Whitesburg KY
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Says new blacktop should have reached to highway




Letter writer Linda Gallion is angry because paving work on Joe’s Branch near Burdine ended a few feet before the road’s junction with KY 805.

Letter writer Linda Gallion is angry because paving work on Joe’s Branch near Burdine ended a few feet before the road’s junction with KY 805.

On October 24, a blacktop crew moved in front of our house at No. 3 in Jenkins and said they were going to blacktop Camden, Joe’s Branch and down the back road across the bridge and up to the main highway, KY 805 (Old U.S. 23). They did all the road until they crossed the bridge, then did halfway up the hill and shut down.

I went out to ask the boss why they were shutting down the job. He looked at me and said, “That man across the road.” I looked and there stood Magistrate Wayne Fleming. So I said, “That man?” and he said yes. So I called G.C. Kincer, the mayor, who later came down with City Manager Todd DePriest and told us Wayne Fleming had shut it off in front of our home. Magistrate Fleming doesn’t like me because I told the truth a while back about the water in Joe’s Branch.

In the year 2000, my brother Bobby Ray Mullins lived in Joe’s Branch where my mother and father raised all of us kids, nine in all. Bobby Ray got real sick — cancer on his spine, cancer of the colon — and couldn’t go up on the hill to keep the water coming down to his home as well as to my niece who lives up there. In the 1940s and 1950s, there was a mine on our farm, so when they shut it down my Dad kept the water coming down to our house as well as my brother’s home in the bottom.

I started calling Hal Rogers in 2000 to see if he could help me to get water in Joe’s Branch because some of the other families needed water too. I told him of all the coal that came out of our mountains, Joe’s Branch got nothing. I also asked Wayne Fleming, former Letcher County Judge/Executive Carroll Smith and then-Mayor Robert Shubert if they could help me. I did not know the water for Joe’s Branch had been put in the budget for the year 2002.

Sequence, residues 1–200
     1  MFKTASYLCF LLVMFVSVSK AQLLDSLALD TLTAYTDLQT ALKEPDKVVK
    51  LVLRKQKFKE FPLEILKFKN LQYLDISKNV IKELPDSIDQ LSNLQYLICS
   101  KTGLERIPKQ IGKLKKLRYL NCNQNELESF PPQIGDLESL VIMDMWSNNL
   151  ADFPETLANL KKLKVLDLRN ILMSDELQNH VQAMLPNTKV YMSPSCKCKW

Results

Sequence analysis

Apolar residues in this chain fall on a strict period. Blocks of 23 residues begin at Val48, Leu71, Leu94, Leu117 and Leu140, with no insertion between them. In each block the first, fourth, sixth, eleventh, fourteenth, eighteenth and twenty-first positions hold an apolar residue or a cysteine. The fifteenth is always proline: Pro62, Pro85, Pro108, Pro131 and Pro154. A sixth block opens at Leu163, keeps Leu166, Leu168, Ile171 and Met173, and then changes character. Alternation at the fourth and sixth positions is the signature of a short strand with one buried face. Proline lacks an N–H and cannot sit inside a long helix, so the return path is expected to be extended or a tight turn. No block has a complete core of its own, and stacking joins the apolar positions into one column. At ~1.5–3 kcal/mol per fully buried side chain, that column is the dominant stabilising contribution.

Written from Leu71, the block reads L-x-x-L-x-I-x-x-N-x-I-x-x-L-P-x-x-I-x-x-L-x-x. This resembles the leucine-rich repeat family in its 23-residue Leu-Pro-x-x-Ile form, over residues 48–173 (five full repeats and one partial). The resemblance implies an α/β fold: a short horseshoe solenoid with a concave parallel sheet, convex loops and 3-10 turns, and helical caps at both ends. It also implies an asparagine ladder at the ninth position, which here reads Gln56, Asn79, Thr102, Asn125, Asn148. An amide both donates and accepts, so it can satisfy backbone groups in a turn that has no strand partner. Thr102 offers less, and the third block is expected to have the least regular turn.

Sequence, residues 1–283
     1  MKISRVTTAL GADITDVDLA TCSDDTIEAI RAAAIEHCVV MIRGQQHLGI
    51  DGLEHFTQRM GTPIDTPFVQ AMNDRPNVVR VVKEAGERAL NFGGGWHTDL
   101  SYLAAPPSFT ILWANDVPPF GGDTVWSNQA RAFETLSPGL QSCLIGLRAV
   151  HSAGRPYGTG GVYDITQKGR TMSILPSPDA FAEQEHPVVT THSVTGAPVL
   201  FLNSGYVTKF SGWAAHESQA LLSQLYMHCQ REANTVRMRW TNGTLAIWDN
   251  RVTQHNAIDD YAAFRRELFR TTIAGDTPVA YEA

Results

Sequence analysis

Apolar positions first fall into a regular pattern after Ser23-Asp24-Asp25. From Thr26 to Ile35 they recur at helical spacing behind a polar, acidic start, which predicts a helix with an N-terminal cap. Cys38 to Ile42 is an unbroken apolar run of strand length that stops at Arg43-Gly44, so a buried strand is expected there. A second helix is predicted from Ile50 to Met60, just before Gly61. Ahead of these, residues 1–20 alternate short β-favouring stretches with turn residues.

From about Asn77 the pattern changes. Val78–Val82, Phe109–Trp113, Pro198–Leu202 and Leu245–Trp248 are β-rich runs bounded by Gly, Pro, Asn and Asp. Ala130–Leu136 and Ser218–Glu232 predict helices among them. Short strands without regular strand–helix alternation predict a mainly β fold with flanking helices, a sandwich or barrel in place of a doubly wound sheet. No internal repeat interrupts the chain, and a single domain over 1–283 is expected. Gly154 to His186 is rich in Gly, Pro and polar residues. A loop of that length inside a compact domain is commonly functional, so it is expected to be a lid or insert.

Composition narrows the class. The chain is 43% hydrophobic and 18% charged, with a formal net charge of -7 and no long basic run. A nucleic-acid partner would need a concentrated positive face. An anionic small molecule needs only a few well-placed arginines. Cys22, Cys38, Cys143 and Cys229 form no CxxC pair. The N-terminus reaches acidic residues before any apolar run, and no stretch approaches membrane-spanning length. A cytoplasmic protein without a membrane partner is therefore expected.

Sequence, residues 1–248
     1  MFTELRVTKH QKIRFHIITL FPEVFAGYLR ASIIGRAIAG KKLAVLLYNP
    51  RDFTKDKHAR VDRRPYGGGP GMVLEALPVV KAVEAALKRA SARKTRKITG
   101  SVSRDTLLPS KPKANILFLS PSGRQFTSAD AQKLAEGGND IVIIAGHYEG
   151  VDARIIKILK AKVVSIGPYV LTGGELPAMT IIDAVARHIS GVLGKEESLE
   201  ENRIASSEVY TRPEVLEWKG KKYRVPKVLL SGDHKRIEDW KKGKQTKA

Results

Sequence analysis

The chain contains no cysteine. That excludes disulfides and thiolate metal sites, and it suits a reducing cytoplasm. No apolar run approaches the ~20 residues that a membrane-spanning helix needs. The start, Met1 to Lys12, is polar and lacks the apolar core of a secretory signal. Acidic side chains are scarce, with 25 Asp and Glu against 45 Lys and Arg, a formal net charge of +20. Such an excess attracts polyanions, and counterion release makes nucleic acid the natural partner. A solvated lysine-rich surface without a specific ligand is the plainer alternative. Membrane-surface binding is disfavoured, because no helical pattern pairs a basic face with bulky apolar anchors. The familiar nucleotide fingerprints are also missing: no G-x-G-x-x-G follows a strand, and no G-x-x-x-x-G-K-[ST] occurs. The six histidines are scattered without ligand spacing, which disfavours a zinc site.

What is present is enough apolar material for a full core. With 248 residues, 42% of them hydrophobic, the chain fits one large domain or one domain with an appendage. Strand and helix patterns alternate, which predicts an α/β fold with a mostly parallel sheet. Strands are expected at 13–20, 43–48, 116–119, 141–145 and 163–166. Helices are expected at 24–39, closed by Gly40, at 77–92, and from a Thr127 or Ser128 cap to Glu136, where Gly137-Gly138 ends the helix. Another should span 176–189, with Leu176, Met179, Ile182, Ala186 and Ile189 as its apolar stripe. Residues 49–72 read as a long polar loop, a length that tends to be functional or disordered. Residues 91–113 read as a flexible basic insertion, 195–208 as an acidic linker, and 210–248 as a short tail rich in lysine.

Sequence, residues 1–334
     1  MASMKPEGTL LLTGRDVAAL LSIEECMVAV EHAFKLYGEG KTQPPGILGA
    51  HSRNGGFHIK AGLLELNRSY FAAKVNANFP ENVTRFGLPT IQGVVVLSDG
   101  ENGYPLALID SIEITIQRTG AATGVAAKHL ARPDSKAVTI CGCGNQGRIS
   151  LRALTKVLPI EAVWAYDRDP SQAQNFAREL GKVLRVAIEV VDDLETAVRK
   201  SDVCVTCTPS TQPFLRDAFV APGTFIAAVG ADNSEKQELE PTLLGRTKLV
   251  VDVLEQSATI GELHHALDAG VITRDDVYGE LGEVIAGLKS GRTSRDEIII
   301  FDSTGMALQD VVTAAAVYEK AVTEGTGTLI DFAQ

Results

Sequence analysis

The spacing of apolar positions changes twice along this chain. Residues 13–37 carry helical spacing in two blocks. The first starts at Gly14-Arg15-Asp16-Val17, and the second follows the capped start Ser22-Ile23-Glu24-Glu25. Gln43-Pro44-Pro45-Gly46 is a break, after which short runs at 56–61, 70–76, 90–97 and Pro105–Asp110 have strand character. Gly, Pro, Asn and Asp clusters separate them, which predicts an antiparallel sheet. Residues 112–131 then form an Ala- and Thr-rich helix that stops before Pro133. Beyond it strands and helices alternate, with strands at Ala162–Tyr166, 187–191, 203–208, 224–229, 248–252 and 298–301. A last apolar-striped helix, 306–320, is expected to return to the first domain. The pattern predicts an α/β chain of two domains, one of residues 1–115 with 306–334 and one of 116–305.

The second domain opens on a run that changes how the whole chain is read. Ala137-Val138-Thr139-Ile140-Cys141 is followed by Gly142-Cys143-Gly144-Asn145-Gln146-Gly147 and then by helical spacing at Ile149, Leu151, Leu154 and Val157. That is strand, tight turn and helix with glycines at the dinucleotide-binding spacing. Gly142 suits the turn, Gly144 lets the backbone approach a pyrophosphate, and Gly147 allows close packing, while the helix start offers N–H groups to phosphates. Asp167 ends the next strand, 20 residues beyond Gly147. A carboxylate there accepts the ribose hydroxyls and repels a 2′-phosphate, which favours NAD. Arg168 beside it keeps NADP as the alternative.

Mayor Shubert of Jenkins requested that responsibility for the Joe’s Branch waterline extension be transferred to Jenkins because preliminary engineering work for the project had been completed by the city. What happened between 2002 to 2003? I know he asked for the water because I searched the records. Wayne Fleming told me in November 2006 while going in to vote at Burdine School, “We are going to get the water for Payne Gap and then bring it down to Joe’s Branch.” So I said, “No you won’t.”

In January 2007, I went to the Jenkins City Council meeting. Jim Ward had just won Letcher County judge/executive and Charlie Dixon had won mayor of Jenkins. So I asked Charlie if he would help me get the water to Joe’s Branch. Engineer Paul Nesbitt stood up and looked at me and said, “Mrs. Gallion, the water has been in the budget at the fiscal court since 2002 and if not used by August 2007 the money would go back to the state.” So Jim Ward, Charlie Dixon and the council went to get the water put in Joe’s Branch. When it came up to be voted on at the fiscal court, Wayne Fleming, who represents the Jenkins area, said he preferred holding the project until the sewer could be offered in the area as well. It was just another way to stop the water, but KRADD representatives and Judge Ward encourage the court to approve the project as they didn’t have time to add sewer lines to the extension at the same time.

The reason I’m putting this letter in The Mountain Eagle is to let everyone know Wayne Fleming did not get the water in Joe’s Branch. He tried to block it every time it came up. Also, he discriminated against us as citizens of Jenkins. We were born in No. 3 Jenkins, lived and worked here, own our home here, pay taxes, raised our five children here — three boys and two girls, 12 grandkids, 15 great-grandkids. My husband Charles Gallion and his brothers Carl Gallion and Thurman Gallion served in World War II. Rodney and Douglas served in the Korean War. My brother Johnny Mullins served in World War II. My brother James “Red” Mullins served 23 years in the Air Force, also 20 years in civil service. Bobby Ray, my brother who I was getting the water in Joe’s Branch for, served in the Air Force in Africa. He died March 17, 2007.

I want to thank everyone who helped me with the water and appreciate all our friends who stood with us through the seven years I worked to get the water in Joe’s Branch.


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